Read more...

Selected biography

CheHigh.jpg

Che Guevara was an Argentine Marxist revolutionary and a major figure of the Cuban Revolution. Since his death, his stylized visage has become a ubiquitous countercultural symbol and global insignia within popular culture.

Guevara was involved in Guatemala's social reforms under President Jacobo Arbenz, whose eventual CIA-assisted overthrow solidified Guevara's radical ideology. Later, while living in Mexico City, he met Raúl and Fidel Castro, and joined their 26th of July Movement.

Following the Cuban Revolution, Guevara played a central role in training the militia forces who repelled the Bay of Pigs Invasion and bringing to Cuba the Soviet nuclear-armed ballistic missiles which precipitated the 1962 Cuban Missile Crisis. Additionally, he was a prolific writer and diarist, composing a seminal manual on guerrilla warfare, along with a best-selling memoir about his youthful motorcycle journey across South America. Guevara left Cuba in 1965 to foment revolution abroad, first unsuccessfully in Congo-Kinshasa and later in Bolivia, where he was captured by CIA-assisted Bolivian forces and executed.

Time magazine named him one of the 100 most influential people of the 20th century, while an Alberto Korda photograph of him entitled Guerrillero Heroico (shown), was declared "the most famous photograph in the world."

Read more...

Selected picture

Hotel Washington during Million Worker March.jpg
Protesters outside the Hotel Washington during the Million Worker March

Did you know...

Greenham Common Women's Peace Camp was a peace camp established to protest at nuclear weapons being sited at RAF Greenham Common in Berkshire, England. The camp began in September 1981 after a Welsh group called "Women for Life on Earth" arrived at Greenham to protest against the decision of the Government to allow cruise missiles to be based there. The first blockade of the base occurred in May 1982 with 250 women protesting and during which 34 arrests were made. In December 1982, 30,000 Women join hands around the base at the "Embrace the Base" event.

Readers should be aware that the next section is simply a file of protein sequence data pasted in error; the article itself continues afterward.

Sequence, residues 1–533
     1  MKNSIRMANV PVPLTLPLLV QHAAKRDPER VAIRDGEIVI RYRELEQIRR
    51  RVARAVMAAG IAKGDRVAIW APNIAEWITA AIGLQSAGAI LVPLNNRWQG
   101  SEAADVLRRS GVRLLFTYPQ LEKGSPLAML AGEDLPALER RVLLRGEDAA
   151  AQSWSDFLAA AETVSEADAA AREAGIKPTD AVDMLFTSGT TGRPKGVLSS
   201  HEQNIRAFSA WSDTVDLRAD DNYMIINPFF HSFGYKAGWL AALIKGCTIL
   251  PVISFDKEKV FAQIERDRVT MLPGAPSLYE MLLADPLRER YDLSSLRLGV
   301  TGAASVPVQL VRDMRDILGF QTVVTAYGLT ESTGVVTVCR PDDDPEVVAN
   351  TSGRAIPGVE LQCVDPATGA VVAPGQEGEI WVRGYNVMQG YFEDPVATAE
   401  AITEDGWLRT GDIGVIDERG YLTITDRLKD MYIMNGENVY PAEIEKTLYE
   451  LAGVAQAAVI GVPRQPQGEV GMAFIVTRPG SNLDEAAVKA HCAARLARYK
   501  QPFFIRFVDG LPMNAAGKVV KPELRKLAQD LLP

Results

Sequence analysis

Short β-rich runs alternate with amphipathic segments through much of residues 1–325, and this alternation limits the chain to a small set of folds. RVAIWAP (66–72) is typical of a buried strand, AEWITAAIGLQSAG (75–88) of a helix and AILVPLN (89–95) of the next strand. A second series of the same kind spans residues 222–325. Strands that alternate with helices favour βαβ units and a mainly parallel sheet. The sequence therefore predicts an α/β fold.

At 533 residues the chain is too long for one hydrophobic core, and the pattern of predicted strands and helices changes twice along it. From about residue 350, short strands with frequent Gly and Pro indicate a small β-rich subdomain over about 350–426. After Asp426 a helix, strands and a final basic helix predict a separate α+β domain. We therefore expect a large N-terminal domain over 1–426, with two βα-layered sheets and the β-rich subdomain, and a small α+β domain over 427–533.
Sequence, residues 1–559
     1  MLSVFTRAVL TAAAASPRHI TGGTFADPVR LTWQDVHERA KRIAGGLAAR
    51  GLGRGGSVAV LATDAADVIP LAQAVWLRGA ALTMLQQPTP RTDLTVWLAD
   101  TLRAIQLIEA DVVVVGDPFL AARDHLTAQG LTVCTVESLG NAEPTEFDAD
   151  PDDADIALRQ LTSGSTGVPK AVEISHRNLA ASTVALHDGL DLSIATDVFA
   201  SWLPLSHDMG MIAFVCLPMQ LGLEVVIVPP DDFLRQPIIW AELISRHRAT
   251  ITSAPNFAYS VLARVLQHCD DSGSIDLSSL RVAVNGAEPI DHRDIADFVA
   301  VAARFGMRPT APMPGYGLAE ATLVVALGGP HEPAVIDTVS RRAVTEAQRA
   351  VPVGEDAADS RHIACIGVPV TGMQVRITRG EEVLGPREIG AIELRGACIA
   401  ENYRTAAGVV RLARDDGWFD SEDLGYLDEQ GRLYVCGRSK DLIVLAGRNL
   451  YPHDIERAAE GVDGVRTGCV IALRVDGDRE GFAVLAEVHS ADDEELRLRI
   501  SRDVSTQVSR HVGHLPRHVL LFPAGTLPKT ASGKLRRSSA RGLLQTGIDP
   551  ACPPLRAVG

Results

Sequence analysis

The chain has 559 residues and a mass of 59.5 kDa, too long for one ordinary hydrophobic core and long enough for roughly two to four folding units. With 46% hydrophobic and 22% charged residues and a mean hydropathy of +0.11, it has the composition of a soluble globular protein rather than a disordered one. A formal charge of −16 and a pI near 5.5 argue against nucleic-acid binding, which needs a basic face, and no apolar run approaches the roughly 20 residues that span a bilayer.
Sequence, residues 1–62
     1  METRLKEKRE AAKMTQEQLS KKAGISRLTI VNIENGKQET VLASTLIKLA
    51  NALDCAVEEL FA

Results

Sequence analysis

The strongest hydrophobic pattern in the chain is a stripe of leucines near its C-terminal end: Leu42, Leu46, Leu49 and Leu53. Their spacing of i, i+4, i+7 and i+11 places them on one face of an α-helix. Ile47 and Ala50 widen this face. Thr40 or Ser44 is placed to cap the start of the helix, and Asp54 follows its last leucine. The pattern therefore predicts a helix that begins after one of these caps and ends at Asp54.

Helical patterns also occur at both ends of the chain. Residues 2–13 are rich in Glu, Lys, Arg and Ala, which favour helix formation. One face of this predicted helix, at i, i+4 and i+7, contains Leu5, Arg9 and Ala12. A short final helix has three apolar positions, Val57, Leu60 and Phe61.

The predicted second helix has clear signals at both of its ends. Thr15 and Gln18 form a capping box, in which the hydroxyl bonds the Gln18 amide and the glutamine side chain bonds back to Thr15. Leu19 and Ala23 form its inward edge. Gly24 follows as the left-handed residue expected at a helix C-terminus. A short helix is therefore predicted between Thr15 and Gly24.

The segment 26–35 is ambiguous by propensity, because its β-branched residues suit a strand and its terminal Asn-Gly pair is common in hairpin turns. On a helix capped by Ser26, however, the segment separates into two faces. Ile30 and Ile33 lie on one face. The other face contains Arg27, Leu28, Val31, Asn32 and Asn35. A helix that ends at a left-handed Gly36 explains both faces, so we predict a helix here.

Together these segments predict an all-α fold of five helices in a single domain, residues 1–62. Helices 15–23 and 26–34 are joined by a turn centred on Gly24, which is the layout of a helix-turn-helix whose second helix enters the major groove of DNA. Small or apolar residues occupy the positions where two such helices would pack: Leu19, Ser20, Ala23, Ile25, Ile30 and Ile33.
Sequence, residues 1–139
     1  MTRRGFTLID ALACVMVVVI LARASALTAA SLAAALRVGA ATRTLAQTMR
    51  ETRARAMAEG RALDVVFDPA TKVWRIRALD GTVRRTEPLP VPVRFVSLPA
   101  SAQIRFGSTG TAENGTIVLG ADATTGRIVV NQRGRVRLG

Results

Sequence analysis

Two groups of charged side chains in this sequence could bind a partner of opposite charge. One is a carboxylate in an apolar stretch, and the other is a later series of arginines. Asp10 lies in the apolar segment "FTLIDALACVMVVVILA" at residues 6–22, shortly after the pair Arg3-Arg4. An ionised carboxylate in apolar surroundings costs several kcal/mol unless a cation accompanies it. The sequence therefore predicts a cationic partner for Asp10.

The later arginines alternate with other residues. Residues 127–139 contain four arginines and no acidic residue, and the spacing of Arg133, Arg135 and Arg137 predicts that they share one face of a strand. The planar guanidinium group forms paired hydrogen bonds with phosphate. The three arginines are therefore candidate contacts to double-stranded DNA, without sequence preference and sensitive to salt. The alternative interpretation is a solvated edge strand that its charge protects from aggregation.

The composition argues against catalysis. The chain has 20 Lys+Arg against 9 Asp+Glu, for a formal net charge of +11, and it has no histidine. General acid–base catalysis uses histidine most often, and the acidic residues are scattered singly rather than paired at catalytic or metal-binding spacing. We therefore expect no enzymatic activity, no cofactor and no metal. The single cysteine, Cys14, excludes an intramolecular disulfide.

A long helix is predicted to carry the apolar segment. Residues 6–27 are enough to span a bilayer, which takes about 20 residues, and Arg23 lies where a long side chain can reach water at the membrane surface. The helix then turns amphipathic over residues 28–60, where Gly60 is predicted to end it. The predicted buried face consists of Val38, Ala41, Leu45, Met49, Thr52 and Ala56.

The camp became well known when on 1 April 1983, about 70,000 protesters formed a 14-mile human chain from Greenham to Aldermaston and the ordnance factory at Burghfield. The women's peace camp attracted significant media attention and "prompted the creation of other peace camps at more than a dozen sites in Britain and elsewhere in Europe". Another encircling of the base occurred in Dec 1983, with 50,000 women attending. Sections of the fence were cut and there were hundreds of arrests.

Topics

Categories

Category puzzle
Select [►] to view subcategories

In the news

Things to do

  • Help to keep the News section up to date...
  • Add {{Portal|Social movements}} to relevant articles (in the See also section) and to categories...

Associated Wikimedia

The following Wikimedia Foundation sister projects provide more on this subject:

Wikibooks
Books

Commons
Media

Wikinews 
News

Wikiquote 
Quotations

Wikisource 
Texts

Wikiversity
Learning resources

Wikivoyage 
Travel guides

Wiktionary 
Definitions

Wikidata 
Database

Purge server cache